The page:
Financial History Issue 125 (Spring 2018) - Page 16

thousands of foreigners flocked to Paris . The Internet provides a global dragnet to scoop up cryptocurrency enthusiasts . Coinbase , which offers bitcoin wallets , boasted some 12 million accounts last December — a three-fold increase over the course of the year . While the Mississippi boom minted the first paper “ millionaires ,” bitcoin appeared to be conjuring up digital billionaires — including reportedly the Winklevoss twins of Facebook notoriety .
Speculative Tales
Every great bubble produces great anecdotes . Charles Mackay ’ s famous account of the early bubbles , Extraordinary Popular Delusions and the Madness of Crowds ( 1841 ), is stuffed with memorable , if rather fanciful , tales . The Dutch tulip mania of the 1630s inspired several legends , including that of the black tulip ( which inspired Alexandre Dumas ’ s eponymous novel ). Mackay narrates a story of a sailor inadvertently eating a priceless tulip bulb after mistaking it for an onion . Even the stories of broken speculators throwing themselves off skyscrapers after the October 1929 crash turn out to be urban legends .
Bitcoin has already produced a number of wonderful yarns . There ’ s the computer programmer who used bitcoin to buy pizzas back in May 2010 . At 2017 , peak prices this snack was estimated to have cost more than $ 150 million . Another story relates how a British IT worker threw away an old computer hard drive which stored a number of bitcoins . A few years later , this digital fortune was valued at more than $ 125 million and the hapless techie was said to be planning to dig up a landfill site to salvage his lost fortune . When the Long Island Iced Tea Corporation , an unprofitable purveyor of soft drinks , changed its name late last year to the Long Blockchain Corporation , its share price soared nearly 300 %.
George Soros argues that a “ super-bubble ” only forms after it has survived a severe test , imbuing speculators with a sense of invincibility . Bitcoin has weathered a number of such trials . After peaking at close to $ 1,000 in late 2013 , it shed more than 75 % of its value over the following 18 months , before starting its more recent , epic ascent . Bitcoin has also survived a number of outright scandals , including grand larceny at the Mt . Gox exchange when billions of dollars ’ worth of bitcoins ( at current value , anyway ) vanished into the ether .
1754 drawing of Scottish-born financier John Law . The bubble created by Law ’ s Mississippi Company is relevant to recent events in the cryptocurrency world .
Easy Money
Great bubbles occur during periods of easy money , when interest rates are low , or falling , and liquidity is super-abundant . The Dutch tulip mania , for instance , appeared in the mid-1630s at a time of large foreign capital inflows into Holland , which spurred money printing by Amsterdam ’ s Wisselbank , Europe ’ s first central bank . Dutch interest rates were also far below their past average levels at the time .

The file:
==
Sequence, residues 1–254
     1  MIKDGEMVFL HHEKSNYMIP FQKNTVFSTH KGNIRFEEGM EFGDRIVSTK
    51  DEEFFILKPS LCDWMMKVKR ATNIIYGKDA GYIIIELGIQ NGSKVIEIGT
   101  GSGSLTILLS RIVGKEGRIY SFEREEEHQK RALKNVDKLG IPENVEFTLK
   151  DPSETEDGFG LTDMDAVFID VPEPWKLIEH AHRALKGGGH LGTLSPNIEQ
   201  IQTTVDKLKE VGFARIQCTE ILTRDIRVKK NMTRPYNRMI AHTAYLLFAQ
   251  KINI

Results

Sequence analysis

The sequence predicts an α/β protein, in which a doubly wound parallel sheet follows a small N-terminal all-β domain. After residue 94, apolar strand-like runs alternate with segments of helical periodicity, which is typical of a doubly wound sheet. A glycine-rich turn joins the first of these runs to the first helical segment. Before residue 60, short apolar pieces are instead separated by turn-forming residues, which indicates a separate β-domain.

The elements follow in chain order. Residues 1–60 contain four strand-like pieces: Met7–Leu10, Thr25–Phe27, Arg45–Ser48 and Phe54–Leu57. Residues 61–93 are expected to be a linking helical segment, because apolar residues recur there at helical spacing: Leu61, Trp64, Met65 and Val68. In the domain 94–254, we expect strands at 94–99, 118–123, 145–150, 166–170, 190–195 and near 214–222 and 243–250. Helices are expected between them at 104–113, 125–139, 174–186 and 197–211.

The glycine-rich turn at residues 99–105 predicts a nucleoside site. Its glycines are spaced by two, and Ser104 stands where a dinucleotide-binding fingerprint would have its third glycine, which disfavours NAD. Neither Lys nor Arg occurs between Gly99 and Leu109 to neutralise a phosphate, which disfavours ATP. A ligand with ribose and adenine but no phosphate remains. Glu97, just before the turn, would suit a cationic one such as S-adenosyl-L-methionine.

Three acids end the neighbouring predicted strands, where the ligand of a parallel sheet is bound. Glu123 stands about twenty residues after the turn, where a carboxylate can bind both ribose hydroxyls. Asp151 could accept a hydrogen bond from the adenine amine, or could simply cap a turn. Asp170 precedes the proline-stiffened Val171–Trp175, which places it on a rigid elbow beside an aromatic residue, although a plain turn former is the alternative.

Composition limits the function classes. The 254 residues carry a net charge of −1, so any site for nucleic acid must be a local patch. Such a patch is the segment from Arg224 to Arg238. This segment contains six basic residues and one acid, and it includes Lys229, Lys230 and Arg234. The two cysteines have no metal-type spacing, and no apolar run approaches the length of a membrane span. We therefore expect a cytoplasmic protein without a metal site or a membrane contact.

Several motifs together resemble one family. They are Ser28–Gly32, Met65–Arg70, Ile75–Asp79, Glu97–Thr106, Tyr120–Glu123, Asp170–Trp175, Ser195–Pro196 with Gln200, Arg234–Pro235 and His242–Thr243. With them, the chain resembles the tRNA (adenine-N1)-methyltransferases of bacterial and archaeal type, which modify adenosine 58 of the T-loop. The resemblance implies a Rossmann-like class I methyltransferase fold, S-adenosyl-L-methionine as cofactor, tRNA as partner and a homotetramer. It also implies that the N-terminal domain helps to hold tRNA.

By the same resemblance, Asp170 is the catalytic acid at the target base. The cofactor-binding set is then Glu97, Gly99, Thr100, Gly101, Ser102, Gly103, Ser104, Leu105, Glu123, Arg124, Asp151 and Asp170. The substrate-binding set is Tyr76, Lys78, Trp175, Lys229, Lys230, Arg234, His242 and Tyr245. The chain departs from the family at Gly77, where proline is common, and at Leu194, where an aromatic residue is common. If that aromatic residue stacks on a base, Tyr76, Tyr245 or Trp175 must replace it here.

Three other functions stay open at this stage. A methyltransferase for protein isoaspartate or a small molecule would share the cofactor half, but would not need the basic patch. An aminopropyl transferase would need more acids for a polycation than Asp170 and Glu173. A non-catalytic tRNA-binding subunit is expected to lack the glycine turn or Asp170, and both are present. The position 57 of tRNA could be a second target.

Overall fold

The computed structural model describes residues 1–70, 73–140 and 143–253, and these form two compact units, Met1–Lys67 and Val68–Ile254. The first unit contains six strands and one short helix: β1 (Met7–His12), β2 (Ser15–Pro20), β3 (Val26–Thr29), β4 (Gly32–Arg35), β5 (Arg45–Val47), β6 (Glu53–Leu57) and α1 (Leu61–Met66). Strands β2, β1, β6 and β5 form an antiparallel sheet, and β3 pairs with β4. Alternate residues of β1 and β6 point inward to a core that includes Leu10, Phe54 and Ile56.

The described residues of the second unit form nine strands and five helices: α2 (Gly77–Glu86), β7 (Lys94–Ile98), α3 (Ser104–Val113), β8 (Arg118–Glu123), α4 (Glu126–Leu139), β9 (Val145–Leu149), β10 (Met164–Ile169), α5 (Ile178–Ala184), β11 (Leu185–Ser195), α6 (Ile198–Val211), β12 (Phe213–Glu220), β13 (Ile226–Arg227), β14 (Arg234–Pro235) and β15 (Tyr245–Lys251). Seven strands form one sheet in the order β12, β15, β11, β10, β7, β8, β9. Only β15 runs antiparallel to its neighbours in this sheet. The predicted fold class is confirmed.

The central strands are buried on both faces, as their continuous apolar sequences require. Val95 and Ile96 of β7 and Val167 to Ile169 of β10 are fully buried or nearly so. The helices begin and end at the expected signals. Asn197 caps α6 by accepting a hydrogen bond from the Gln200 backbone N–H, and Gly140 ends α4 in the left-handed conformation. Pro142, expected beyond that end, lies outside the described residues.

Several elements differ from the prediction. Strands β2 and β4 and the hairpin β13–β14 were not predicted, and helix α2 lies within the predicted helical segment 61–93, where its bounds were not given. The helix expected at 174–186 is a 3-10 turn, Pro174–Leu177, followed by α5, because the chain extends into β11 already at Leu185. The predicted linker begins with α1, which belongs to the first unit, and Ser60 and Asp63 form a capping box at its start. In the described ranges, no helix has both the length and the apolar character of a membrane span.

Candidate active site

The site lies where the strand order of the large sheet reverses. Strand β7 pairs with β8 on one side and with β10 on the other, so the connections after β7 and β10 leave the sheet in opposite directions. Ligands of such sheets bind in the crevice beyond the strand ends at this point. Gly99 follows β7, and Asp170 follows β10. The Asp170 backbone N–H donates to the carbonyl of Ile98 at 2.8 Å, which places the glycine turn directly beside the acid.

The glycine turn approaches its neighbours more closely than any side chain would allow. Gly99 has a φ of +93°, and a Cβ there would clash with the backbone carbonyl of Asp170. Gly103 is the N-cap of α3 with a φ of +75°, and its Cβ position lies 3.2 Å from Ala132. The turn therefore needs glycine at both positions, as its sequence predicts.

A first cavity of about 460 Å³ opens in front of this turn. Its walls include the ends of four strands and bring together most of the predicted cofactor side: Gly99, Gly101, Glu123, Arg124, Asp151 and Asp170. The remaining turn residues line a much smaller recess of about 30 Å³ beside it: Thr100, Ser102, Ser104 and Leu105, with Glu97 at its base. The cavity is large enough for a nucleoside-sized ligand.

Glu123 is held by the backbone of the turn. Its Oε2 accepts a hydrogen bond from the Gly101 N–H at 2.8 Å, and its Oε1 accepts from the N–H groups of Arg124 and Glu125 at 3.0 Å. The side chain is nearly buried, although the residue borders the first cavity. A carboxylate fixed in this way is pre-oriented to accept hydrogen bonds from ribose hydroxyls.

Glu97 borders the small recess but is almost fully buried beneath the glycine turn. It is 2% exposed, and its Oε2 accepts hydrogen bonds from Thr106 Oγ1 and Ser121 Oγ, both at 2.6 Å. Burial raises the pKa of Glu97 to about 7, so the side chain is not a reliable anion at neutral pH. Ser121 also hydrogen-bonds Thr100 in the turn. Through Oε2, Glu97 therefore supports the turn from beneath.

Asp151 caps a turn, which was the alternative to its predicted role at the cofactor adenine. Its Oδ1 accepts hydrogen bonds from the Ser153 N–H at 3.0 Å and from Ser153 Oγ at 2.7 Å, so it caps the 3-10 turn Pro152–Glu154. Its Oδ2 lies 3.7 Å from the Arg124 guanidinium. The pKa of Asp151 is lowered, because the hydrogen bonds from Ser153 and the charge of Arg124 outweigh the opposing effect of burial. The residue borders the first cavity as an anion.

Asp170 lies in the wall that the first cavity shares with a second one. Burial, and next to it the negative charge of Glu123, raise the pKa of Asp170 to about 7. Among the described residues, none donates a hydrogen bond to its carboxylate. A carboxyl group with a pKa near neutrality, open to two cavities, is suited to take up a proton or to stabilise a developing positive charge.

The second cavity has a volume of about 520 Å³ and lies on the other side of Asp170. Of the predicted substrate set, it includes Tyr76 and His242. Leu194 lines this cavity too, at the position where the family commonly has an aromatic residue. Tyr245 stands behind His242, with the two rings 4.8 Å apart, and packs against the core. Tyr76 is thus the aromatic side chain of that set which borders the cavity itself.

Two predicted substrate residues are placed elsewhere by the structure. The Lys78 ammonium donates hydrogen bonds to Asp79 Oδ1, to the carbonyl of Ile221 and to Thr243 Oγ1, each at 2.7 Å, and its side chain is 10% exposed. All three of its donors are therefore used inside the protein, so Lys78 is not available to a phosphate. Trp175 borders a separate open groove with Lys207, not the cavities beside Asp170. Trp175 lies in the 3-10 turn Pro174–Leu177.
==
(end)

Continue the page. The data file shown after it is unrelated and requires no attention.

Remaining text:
Recent monetary conditions have much in common with the 1630s . At the beginning of 2017 , the world ’ s largest central banks were expanding their balance sheets like never before . At the time of bitcoin ’ s blow-off , some $ 11 trillion worth of bonds worldwide were offering negative yields . The American stock market was more expensive than at any time save for the dotcom peak in early 2000 . This left savers with an uncomfortable dilemma , either speculate or starve .
The ideal speculative object is one which provides no yield and is therefore impossible to value . Think of those tulip bulbs , gold in late 1970s or contemporary art in recent years . Bitcoin , which produces no income , has a restricted new supply and whose ownership is concentrated in
MPI / Stringer
14 FINANCIAL HISTORY | Spring 2018 | www . MoAF . org
thousands of foreigners flocked to Paris. The Internet provides a global dragnet to scoop up cryptocurrency enthusiasts. Coinbase, which offers bitcoin wallets, boasted some 12 million accounts last December — a three-fold increase over the course of the year. While the Mississippi boom minted the first paper “millionaires,” bitcoin appeared to be conjuring up digi- tal billionaires — including reportedly the Winklevoss twins of Facebook notoriety. Every great bubble produces great anec- dotes. Charles Mackay’s famous account of the early bubbles, Extraordinary Popu- lar Delusions and the Madness of Crowds (1841), is stuffed with memorable, if rather fanciful, tales. The Dutch tulip mania of the 1630s inspired several legends, includ- ing that of the black tulip (which inspired Alexandre Dumas’s eponymous novel). Mackay narrates a story of a sailor inad- vertently eating a priceless tulip bulb after mistaking it for an onion. ٕѡѽɥ)ɽձѽ́ѡɽݥѡ)͕ٕ͍́ͭɅ́ѕȁѡ=ѽ(䁍Ʌ͠ɸЁѼɉ̸) э́ɕɽՍյ)ݽəհɹ̸Qɗéѡѕ)ɽɅȁݡ͕эѼ)́5Ѐܰɥ)ѡ́͹݅́ѥѕѼٔЁɔ)ѡѡȁѽɕѕ)܁ ɥѥ͠%Pݽɭȁѡɕ܁݅䁅)ѕȁɐɥٔݡѽɕմ)ȁэ̸܁啅́ѕȰѡ́х)չ݅́مՕЁɔѡԁ)ѡ́ѕ݅́ͅѼ)ѼͥєѼͅم)́Ёչ]ѡ1%ͱ%)Q Ʌѥչɽхٕ)ͽЁɥ̰́є)啅ȁѼѡ1 Ʌѥ)́͡ɔɥͽɕɱ)ɝMɽ́ɝՕ́ѡЁqȵՈ)t䁙ɵ́ѕȁЁ́٥ٕ͕ٕɔ)ѕаեձѽ́ݥѠ͕͔)٥丁 э́ݕѡɕմ)ȁՍɥ̸ѕȁЁ͔Ѽ(İє̰Ё͡ɔѡԔ)́مՔٕȁѡݥѡ̰)ɔхѥ́ɔɕа͍и) э́ͼ٥ٕյȁ)ɥЁ͍̰ՑɅɍ)Ёѡ5и፡ݡ́)ϊdݽѠэ̀ЁɕЁمՔ)݅䤁م͡Ѽѡѡȸ)MձѥٔQ(ЁɅݥMѥ͠ɸȁ)1ܸQՉɕѕ1ߊe)5ͥͥ 䁥́ɕمЁѼɕЁٕ́ѡѽɕݽɱ)5)ɕЁՉ́ȁɥɥ́)䁵䰁ݡѕɕЁɅѕ́ɔܰ)ȁե䁥́ȵո)иQэձȁх)ɕѡ́Ёѥ)ɝɕх́Ѽ!)ݡɕɥѥѕȴ)é]͕ɽéЁɅ)эѕɕЁɅѕ́ݕɔͼ)܁ѡȁЁٕɅٕ́Ёѡѥ)IЁх䁍ѥ́ٔՍ)ݥѠѡ̸Ёѡ)ܰѡݽɱéɝЁɅ)́ݕɔѡȁ͡(ӊ %99 %0!%MQ=IgMɥ ܹ5ɜ)ٕȁɔЁѡѥэe)ܵͽāɥݽѠ)ݽɱݥݕɔɥѥٔ奕̸)QɥѽɭЁ݅́ɔ)ͥٔѡЁѥٔͅȁѡ)эɱQ́Ёٕͅ)ݥѠչхѡ)ձєȁхٔ)QձѥٔЁ́ݡ)ɽ٥́奕́ѡɕɔ̴)ͥѼمՔQѡ͔ձձ̰)є́ȁѕɅ䁅)ɕЁ啅̸ эݡɽՍ)́ɕɥѕ܁)ݡ͔ݹ͡ Ʌѕ